Category Archives: Coleman

Copenhagen Discoveries


The family origins of my great great grandfather, Frits Wille Oscar Emil Johnson, had been my brick wall for thirty years, in spite of the fact that my grandmother, Hazel Coleman, knew Frits, her grandfather, and knew that her mother’s family hailed from Copenhagen. I have already written about how I picked up the family trail, proving that they were actually the Jensen family and that they did, in fact, live in the city proper of Copenhagen. In April, my husband Dave and I took a cruise from Fort Lauderdale to Amsterdam. Besides the fact that we like to cruise and it was a great price, I had an ulterior motive. I decided that this was going to be the year I visited Denmark and planned out all the places in Copenhagen that I wanted to visit. From Amsterdam, we took a short flight to Copenhagen and got settled in. Yes, we did the tourist stop visits – the Little Mermaid and the various castles, museums and palaces, but the important places to me were the places that were part of the daily life of the Jensen family.

The first stop on the Jensen tour was Amaliegade #25. This house was built in 1755-1757 as the home of Lauritz de Thurah, a noted Danish architect who lived from 1706-1759, although he never lived in it.  The house was quite a mansion, even by today’s standards. Today, it is a somewhat unassuming building full of small offices.  However, from the late 1700’s until the early 1900’s, it became known as Den Kongelige Fødselsstiftelse, the Royal Birth Foundation, begun by Queen Juliane Marie, providing care for unwed mothers-to-be and their newborn children.

On 27 April 1810, Johannes Jensen began life in that hospital and a few days later, after he was baptized there, he was given up by his mother to the wife of Master Tanner Carl Henrich Zinn. As I put the pieces of Johannes’ life together, I wondered why he joined the Danish army a month before he turned 16 and, although I have found out a lot about his life, I have had to speculate about his life before he became a career soldier. His mother, Kirstine Jorgensdatter, likely believed she found a good life with a future for her son. Johannes was to be apprenticed to Mr. Zinn and learn the tanning trade.  There were few people named Zinn in Denmark at that time, so it was not long before I found the master tanner and his family.  However, Mr. Zinn died before 1816, when his widow buried their young son. Mrs. Zinn did not remarry and she died a few years later. No record has been found of Johannes between his birth in 1810 and a new notation written in 1820 in his mother’s record at Den Kongelige Fødselsstiftelse. This notation gave his mother’s name, her age and stated that she was currently living with Johannes’ father, who agreed to provide a suit of clothing for Johannes. No confirmation record has been found for Johannes, although I have searched every extant parish record in Copenhagen for it. I believe, but can’t yet prove, that after Mr. Zinn died, Mrs. Zinn couldn’t afford to care for him and sent him to the orphanage. Confirmation records for the orphanage for the years in which Johannes would most likely have been confirmed have been lost. It might also explain why the father was providing some clothing for Johannes ten years after he was born and given up for adoption. It would definitely explain why a fifteen year old would be joining the army. Military life would provide Johannes with food, clothing, shelter, a family of sorts, and an income. He eventually was promoted to the rank of sergeant; Johannes was the company drummer and fiddler.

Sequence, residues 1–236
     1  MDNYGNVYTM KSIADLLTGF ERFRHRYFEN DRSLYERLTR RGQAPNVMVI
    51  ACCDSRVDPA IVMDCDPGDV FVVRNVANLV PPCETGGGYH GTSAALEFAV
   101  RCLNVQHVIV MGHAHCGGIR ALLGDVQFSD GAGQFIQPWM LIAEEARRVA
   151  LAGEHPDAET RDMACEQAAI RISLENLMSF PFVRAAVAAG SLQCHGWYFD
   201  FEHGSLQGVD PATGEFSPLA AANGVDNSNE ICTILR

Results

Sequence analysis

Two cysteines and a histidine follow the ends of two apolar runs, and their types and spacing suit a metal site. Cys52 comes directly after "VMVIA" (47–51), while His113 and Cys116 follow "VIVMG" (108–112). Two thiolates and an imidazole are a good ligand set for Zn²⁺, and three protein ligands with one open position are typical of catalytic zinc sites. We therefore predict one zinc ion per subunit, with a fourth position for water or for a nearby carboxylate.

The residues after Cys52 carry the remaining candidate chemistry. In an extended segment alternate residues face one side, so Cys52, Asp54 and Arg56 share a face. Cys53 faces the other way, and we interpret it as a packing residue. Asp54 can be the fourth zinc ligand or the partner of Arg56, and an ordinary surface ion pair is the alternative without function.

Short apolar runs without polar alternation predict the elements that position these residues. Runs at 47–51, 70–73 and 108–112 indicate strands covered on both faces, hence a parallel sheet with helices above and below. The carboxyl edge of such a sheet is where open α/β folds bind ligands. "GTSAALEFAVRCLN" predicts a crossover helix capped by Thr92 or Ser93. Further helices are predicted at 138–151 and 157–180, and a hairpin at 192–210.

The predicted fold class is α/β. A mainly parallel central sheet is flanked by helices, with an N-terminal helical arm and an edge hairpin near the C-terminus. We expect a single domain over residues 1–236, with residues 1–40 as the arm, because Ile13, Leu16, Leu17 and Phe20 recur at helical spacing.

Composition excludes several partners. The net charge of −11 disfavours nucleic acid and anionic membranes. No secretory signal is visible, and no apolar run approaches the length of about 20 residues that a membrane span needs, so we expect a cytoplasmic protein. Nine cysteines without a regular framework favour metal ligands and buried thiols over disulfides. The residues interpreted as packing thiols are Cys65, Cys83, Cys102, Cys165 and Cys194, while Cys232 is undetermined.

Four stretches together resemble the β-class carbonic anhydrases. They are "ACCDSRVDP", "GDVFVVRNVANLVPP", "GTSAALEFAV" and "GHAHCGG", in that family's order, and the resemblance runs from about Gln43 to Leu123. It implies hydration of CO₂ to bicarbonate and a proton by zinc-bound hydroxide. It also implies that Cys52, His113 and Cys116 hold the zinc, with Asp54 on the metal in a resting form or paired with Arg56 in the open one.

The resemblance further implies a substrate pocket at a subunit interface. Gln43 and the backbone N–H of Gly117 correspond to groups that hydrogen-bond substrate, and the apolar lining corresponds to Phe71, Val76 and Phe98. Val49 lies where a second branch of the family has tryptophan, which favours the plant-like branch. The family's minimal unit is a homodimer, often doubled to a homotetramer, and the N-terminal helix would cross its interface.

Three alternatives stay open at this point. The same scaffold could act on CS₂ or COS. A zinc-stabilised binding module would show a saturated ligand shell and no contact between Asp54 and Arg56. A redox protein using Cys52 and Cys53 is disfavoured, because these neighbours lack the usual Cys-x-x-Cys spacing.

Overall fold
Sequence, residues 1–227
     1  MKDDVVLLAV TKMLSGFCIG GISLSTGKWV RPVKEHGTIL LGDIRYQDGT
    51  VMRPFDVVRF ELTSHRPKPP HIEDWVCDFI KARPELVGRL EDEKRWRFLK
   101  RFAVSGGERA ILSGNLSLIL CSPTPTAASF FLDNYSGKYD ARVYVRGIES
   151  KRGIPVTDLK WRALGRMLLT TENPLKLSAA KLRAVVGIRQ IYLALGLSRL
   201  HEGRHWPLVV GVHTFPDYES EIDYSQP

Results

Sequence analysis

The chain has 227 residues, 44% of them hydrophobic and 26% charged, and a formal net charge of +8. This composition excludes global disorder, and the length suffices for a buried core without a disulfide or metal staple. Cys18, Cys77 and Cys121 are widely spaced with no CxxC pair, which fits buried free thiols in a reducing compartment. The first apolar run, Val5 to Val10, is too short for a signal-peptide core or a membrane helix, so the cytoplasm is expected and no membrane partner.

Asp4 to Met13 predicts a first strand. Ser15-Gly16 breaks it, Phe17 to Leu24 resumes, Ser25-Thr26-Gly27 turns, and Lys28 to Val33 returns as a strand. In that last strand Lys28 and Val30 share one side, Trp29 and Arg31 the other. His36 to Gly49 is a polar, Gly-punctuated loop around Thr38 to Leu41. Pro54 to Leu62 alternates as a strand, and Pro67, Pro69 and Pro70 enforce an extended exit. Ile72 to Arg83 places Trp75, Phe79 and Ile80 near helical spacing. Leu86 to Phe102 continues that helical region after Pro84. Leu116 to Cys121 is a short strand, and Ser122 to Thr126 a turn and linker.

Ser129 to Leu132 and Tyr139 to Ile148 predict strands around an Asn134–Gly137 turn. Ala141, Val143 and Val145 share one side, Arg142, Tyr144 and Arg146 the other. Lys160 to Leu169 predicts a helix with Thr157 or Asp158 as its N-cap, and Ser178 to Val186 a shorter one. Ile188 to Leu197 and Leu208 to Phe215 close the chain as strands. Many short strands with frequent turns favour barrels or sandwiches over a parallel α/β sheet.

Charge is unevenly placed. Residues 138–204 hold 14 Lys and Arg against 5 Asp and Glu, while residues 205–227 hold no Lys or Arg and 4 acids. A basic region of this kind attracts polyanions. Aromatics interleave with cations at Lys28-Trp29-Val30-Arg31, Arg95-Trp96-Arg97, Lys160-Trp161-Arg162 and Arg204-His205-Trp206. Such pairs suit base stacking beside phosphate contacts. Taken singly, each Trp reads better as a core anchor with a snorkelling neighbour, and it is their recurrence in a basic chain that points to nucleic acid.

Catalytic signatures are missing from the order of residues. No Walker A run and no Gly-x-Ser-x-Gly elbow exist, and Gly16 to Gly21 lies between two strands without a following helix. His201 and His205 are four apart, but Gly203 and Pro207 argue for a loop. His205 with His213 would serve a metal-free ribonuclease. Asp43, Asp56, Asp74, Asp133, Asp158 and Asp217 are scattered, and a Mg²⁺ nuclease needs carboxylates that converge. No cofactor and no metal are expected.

Johannes was not the only member of his family to be born at Den Kongelige Fødselsstiftelse. I had been able to locate all the baptismal records for his children, with the exception of his eldest daughter, Wilhelmine Amalie, born on 5 July 1840. It wasn’t until I found the children’s confirmation records in Saeby, Hjorring County, where Johannes retired, that I discovered that Wilhelmine had also been born there. Johannes and wife Johanne Elisabeth Molin didn’t marry until three months after the stillborn birth of their second child in April 1842. Wilhelmine was born, baptized and vaccinated at the same hospital where her father had been born.

The picture in this post is the entrance to the door into the former hospital, Den Kongelige Fødselsstiftelse, at Amaliegade 25.

Next stops on my Copenhagen family tour were Garnisons Church and Trinitatis Church, where Johannes Jensen married Johanne Elisabeth Molin and where their other children were all baptized.

Part 3 – Fast Forward Danish Research to 2011

The Anna Johnson story is a great example of why one should never give up, particularly with all the technological advances that are being made. Just about three years ago today, I was sitting at my computer and hadn’t thought about my Danish roots for quite some time. I’ve told my friends that my grandmother, Hazel, who died in 1995, was up there one night in January 2011 telling me that it was time for me to resume the hunt. The thought crossed my mind to see what kind of records Denmark had on line that were free and searchable. (I have added a page on the bar above to some fantastic free Danish help sites.)

Lo and behold, there was an 1880 census of the country that was searchable by individual names and places. I was up until about 2 that morning trying different variations of Frederick’s name in Copenhagen. Now that search engine didn’t bring up Soundex spellings – spelling had to be exact – and I don’t speak any Danish so when I got an error message, I used Google translation to figure out what I did wrong.